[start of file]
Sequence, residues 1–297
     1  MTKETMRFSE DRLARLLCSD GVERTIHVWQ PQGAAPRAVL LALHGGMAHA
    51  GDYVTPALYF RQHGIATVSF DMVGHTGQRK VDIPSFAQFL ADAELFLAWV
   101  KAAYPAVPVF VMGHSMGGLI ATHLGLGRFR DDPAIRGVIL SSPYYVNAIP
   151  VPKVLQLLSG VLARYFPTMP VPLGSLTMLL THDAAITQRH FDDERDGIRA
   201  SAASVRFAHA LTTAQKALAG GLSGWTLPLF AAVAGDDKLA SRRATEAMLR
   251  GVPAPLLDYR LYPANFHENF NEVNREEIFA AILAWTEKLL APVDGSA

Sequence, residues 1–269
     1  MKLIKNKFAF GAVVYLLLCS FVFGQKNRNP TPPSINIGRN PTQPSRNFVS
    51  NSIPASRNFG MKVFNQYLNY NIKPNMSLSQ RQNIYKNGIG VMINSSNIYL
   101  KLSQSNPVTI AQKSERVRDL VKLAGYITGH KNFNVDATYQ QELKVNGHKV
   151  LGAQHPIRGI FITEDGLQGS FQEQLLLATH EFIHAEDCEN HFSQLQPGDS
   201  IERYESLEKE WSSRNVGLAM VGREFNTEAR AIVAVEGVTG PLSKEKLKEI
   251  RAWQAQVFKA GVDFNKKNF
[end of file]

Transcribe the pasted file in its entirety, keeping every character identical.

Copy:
Sequence, residues 1–297
     1  MTKETMRFSE DRLARLLCSD GVERTIHVWQ PQGAAPRAVL LALHGGMAHA
    51  GDYVTPALYF RQHGIATVSF DMVGHTGQRK VDIPSFAQFL ADAELFLAWV
   101  KAAYPAVPVF VMGHSMGGLI ATHLGLGRFR DDPAIRGVIL SSPYYVNAIP
   151  VPKVLQLLSG VLARYFPTMP VPLGSLTMLL THDAAITQRH FDDERDGIRA
   201  SAASVRFAHA LTTAQKALAG GLSGWTLPLF AAVAGDDKLA SRRATEAMLR
   251  GVPAPLLDYR LYPANFHENF NEVNREEIFA AILAWTEKLL APVDGSA

Sequence, residues 1–269
     1  MKLIKNKFAF GAVVYLLLCS FVFGQKNRNP TPPSINIGRN PTQPSRNFVS
    51  NSIPASRNFG MKVFNQYLNY NIKPNMSLSQ RQNIYKNGIG VMINSSNIYL
   101  KLSQSNPVTI AQKSERVRDL VKLAGYITGH KNFNVDATYQ QELKVNGHKV
   151  LGAQHPIRGI FITEDGLQGS FQEQLLLATH EFIHAEDCEN HFSQLQPGDS
   201  IERYESLEKE WSSRNVGLAM VGREFNTEAR AIVAVEGVTG PLSKEKLKEI
   251  RAWQAQVFKA GVDFNKKNF